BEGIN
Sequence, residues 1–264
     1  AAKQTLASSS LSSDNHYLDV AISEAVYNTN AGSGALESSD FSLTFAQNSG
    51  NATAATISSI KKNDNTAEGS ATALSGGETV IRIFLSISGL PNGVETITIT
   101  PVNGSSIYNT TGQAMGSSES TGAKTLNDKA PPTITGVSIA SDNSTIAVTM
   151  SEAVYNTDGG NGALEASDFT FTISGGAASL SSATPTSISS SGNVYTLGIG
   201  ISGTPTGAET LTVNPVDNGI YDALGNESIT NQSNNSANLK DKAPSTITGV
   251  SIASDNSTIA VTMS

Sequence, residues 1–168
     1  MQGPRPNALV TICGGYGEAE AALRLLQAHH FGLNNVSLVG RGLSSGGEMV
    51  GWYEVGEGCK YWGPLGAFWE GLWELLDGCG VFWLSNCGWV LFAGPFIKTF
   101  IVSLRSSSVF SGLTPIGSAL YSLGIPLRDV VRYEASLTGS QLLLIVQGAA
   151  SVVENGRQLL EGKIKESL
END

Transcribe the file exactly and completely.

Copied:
Sequence, residues 1–264
     1  AAKQTLASSS LSSDNHYLDV AISEAVYNTN AGSGALESSD FSLTFAQNSG
    51  NATAATISSI KKNDNTAEGS ATALSGGETV IRIFLSISGL PNGVETITIT
   101  PVNGSSIYNT TGQAMGSSES TGAKTLNDKA PPTITGVSIA SDNSTIAVTM
   151  SEAVYNTDGG NGALEASDFT FTISGGAASL SSATPTSISS SGNVYTLGIG
   201  ISGTPTGAET LTVNPVDNGI YDALGNESIT NQSNNSANLK DKAPSTITGV
   251  SIASDNSTIA VTMS

Sequence, residues 1–168
     1  MQGPRPNALV TICGGYGEAE AALRLLQAHH FGLNNVSLVG RGLSSGGEMV
    51  GWYEVGEGCK YWGPLGAFWE GLWELLDGCG VFWLSNCGWV LFAGPFIKTF
   101  IVSLRSSSVF SGLTPIGSAL YSLGIPLRDV VRYEASLTGS QLLLIVQGAA
   151  SVVENGRQLL EGKIKESL